Qualification means spending a bundle on a course, and then another bundle on a certificate. Who’s going to pay for this outlay? You guessed it. The drivers.
    Most second-year medical students can expertly do the examination needed for the CDL. I took a look at the “doctors” who have been certified by the DOT. I searched within a hundred mile radius of my practice. There are 21 certified examiners, A majority are not doing new examinations. They are employees of trucking-oriented organizations, an in-house examiner seeing only internal candidates. {There’s some objectivity for you! How many in-house drivers do you think they fail?} Over half as physician assistants, with no certified physician available. Several are chiropractors, several are nurse practitioners, a smattering of them are DO’s and MD’s. My state looks to have about 20 examiners who can be directly approached for an examination, and I sure don’t live in Rhode Island.
    How much is the exam? I don’t know. How much is the cost of obtaining certification? I don’t know.

    I’ll bet they’re both a pile of dough, which is sucked out of the drivers to the Feds. It hammers independent drivers, at the sake of the corporate truckers.

    What if your license is going to run out before you get your appointment? Would a little bit of cash under the table for an “accelerated visit” help? Who knows?

    I think this would be a dandy plan for the Feds – HHS, CMS, all the alphabets – in creating a National Registry of Certified Medical Examiners under the DOJ to prescribe narcotics. Running the re-qualification courses annually for the Certifieds, and relicensing them could run into some serious dough – a couple of grand per provider. There’s no need to cut out the intermediate providers such as the chiropractors and such – if they can examine truckers, they can prescribe pain meds, I figure.

    Of course, where’s a Certified Pain Manager going to get the dollar-stream that’s needed to pay for annual certification?

    You guessed it.

    • JRDO
      May 4, 2016 at 10:01 am

      I recently had a patient come to see me with a form from the CDL certified doctor. There was an isolated PAC on the EKG and the CDL doctor sent the patient to me with a form for me (the patient’s PCP) to sign off on to say that the patient was okay. WTF? I am not qualified to do the exam but I am qualified to supervise the doctor who does?

      It’s just another example of how PCP offices become the ultimate liability dumping ground- “check with your doctor before having sex”, “check with your doctor before beginning an exercise program”, “have your doctor sign this form that you can do the physical for the police academy”, “have your doctor sign this camp form” etc.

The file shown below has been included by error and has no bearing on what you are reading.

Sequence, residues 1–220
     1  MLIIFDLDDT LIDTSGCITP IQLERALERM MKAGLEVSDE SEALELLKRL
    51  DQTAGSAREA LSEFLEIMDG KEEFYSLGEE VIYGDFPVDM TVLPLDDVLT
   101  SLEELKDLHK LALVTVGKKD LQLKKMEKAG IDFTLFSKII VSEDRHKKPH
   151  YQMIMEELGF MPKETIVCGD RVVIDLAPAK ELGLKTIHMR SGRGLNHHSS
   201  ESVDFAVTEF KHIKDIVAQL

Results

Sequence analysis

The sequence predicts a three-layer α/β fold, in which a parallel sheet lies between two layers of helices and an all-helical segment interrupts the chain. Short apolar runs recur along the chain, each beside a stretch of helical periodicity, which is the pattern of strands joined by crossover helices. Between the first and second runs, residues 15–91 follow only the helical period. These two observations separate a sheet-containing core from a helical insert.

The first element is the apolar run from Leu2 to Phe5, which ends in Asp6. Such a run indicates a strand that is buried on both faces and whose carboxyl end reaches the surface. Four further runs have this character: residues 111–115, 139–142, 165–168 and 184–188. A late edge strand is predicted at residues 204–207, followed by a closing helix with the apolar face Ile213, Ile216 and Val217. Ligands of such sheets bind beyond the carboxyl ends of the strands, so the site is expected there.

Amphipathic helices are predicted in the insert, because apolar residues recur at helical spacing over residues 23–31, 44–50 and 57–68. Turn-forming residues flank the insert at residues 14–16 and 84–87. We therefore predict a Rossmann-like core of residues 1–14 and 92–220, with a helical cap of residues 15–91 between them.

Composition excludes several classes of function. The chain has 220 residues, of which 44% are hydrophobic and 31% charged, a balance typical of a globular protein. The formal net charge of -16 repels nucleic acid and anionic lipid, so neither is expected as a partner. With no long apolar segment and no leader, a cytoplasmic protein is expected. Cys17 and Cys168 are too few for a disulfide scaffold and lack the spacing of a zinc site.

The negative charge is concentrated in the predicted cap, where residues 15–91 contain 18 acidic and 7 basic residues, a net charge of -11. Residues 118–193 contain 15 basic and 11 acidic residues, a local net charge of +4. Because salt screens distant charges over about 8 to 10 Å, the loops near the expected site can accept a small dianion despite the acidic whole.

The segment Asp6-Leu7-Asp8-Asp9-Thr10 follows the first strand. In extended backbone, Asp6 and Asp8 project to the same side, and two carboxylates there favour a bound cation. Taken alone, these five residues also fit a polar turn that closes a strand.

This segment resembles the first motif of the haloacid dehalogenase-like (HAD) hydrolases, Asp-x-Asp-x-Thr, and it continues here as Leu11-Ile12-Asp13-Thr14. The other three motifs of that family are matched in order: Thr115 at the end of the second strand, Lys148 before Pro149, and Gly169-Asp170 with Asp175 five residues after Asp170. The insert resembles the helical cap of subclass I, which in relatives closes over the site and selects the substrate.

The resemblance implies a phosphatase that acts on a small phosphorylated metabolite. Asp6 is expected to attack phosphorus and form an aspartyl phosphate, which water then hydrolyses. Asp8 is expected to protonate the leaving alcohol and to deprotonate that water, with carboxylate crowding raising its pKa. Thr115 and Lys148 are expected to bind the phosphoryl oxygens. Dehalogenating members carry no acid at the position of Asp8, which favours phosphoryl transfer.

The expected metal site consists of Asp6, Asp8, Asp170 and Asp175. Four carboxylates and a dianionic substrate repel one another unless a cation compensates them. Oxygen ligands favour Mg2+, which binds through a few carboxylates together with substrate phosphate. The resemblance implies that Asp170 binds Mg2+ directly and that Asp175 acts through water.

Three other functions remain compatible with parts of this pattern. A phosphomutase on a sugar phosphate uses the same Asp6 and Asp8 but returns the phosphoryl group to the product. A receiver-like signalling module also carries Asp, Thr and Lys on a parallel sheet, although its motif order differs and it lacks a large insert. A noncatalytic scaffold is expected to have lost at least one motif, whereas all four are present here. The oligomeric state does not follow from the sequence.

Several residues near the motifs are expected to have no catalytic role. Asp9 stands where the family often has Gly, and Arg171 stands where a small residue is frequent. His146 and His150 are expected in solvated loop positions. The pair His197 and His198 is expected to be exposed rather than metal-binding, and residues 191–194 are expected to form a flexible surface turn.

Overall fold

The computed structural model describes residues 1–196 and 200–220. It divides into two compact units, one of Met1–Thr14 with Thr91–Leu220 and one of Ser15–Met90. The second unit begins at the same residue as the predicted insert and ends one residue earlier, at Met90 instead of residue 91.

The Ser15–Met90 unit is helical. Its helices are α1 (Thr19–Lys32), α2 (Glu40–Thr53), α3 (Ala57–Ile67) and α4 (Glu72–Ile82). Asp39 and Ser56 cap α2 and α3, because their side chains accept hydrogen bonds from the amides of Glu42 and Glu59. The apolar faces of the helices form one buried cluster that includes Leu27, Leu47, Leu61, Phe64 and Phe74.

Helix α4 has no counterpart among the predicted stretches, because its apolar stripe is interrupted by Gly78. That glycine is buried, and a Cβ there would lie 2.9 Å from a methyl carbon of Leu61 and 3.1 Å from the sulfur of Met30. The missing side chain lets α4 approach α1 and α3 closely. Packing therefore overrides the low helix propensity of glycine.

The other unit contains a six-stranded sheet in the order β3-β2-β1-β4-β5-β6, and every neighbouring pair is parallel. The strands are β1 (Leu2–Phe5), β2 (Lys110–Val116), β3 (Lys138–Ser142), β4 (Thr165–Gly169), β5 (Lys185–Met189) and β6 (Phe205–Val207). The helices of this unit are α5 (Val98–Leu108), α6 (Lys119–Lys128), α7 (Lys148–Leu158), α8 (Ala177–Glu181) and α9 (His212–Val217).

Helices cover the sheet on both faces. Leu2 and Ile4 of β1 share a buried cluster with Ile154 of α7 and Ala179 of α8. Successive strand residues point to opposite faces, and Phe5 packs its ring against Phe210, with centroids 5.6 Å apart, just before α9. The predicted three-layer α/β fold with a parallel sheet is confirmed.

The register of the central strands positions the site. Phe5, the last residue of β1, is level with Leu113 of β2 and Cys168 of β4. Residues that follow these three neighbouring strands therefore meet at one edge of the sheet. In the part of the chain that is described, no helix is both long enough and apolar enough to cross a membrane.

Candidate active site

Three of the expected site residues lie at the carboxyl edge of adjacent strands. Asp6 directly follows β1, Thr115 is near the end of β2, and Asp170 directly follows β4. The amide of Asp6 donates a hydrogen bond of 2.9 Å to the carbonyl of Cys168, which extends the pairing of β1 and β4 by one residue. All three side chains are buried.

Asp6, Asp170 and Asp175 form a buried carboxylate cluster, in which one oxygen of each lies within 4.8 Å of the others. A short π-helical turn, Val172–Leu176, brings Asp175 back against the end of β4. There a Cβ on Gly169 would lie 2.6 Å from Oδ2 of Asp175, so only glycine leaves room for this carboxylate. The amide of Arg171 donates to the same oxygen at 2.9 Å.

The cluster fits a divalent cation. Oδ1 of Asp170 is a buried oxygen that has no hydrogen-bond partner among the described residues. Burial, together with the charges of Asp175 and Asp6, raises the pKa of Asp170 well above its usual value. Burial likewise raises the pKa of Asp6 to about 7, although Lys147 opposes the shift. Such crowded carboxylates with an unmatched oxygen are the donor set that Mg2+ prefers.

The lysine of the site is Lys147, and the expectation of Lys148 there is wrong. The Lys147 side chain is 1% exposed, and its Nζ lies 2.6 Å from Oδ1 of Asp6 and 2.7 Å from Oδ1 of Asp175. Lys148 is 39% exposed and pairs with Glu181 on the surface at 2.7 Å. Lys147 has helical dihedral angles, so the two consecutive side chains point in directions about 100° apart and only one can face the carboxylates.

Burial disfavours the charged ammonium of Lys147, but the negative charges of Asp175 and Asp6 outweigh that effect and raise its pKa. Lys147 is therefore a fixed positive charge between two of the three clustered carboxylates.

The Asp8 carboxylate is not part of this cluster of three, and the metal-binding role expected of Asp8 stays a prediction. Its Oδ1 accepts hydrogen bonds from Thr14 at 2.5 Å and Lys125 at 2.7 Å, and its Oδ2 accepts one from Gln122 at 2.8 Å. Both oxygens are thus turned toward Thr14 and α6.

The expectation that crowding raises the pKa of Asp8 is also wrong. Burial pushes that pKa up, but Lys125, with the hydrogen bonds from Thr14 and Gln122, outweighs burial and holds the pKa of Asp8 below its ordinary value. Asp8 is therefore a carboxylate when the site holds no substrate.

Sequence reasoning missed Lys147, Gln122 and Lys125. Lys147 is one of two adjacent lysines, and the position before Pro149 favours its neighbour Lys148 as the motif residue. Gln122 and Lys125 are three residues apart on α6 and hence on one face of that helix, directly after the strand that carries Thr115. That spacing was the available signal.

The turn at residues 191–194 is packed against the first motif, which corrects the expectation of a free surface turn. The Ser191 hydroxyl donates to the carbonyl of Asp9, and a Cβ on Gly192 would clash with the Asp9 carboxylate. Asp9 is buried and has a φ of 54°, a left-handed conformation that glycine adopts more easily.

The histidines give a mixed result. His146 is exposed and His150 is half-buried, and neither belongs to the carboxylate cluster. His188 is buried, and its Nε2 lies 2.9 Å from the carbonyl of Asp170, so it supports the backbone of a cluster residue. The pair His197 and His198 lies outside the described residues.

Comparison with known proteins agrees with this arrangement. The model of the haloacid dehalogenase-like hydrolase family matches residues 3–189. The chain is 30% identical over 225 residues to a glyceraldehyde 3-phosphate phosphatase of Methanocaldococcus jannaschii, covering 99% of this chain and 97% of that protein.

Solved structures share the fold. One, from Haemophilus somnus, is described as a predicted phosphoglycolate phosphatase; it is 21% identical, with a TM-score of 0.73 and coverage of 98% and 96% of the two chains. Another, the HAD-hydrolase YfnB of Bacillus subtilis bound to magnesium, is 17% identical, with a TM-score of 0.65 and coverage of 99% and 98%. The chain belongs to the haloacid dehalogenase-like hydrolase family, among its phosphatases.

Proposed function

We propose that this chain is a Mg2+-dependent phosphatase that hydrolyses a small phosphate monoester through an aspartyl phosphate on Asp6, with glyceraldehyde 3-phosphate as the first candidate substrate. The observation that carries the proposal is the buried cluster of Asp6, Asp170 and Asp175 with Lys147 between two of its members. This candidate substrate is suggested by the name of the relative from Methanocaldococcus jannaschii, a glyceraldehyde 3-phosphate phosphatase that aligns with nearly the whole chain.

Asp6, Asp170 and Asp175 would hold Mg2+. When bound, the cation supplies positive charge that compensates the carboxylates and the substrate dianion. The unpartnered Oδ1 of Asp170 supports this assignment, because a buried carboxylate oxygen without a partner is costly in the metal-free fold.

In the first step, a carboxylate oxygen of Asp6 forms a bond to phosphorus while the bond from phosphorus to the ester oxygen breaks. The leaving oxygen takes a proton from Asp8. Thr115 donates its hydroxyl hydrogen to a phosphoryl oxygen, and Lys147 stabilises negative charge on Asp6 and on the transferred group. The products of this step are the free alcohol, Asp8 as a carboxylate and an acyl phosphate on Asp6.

• Sir Lance-a-lot
      May 4, 2016 at 12:21 pm

      I’m an official, genuine, certified DOT-exam-doer.

      The on-line “course” was something like $350, with another charge for the test and certification (my employer, a for-profit urgent care, paid).

      I had to memorize a wide selection of random administrative facts that Uncle Sam wanted me to know, and which could be easily looked up, truck on down to the local Prometric testing center, say hello to the nice people who watched do my ABFM board cert., empty my pockets, get metal-scanned, and sit down and regurgitate it all for a few hours.
      Oh, and as it turned out, I was supposed to bring MY ACTUAL MEDICAL LICENSE along with me to the test – I was already fully registered and confirmed – WTF? – fortunately, my office manager was able to fax them a copy of her copy, after they figured out how to use the fax machine…
      Completely pointless.

      Our place charges something like $75 to do the test (they have deals with local trucking companies as well, and I ASSume that they cut them a discount). Considering the amount of staff time required from start to finish, I presume it is a loss-leader, designed to get people in the door, so that they’ll come back later. What the business guys in charge don’t realize, though, is that DOT certification is a scam, if not for the doctors, then certainly for the patients – they will go out of their way to get their DOT exam at a place that’s never seen them before, and will never see them again, because they’re lying about their medical histories and have just taken a handful of their aunt’s diabetes pills and their buddy’s HTN pills so they could pass.

      I see anywhere from zero to five or six DOT exams a day, mixed in with the head colds, chest colds, URIs, sinus infections, grippes, post nasal drips, influenzas, and bronchitides. I have had only one guy so far where I had to contact his pcp – according to the rules, he needed evidence of a stress test within the past 2 years because he’d had an angioplasty. If he hadn’t told me, though, I would never have known, and would have just passed him.

      And, yes, a second year medical student could do the exam – the exam itself takes me about five minutes, including “bullshiting time,” which is less time than it takes me to fill out the forms.

  7. Thomas Guastavino
    May 4, 2016 at 6:22 am

    This has finally put me over the edge. I call on each and every one of our societies to send a letter to the government and media outlets placing the blame for this squarely where it lies. If they do not I intend to drop out of membership.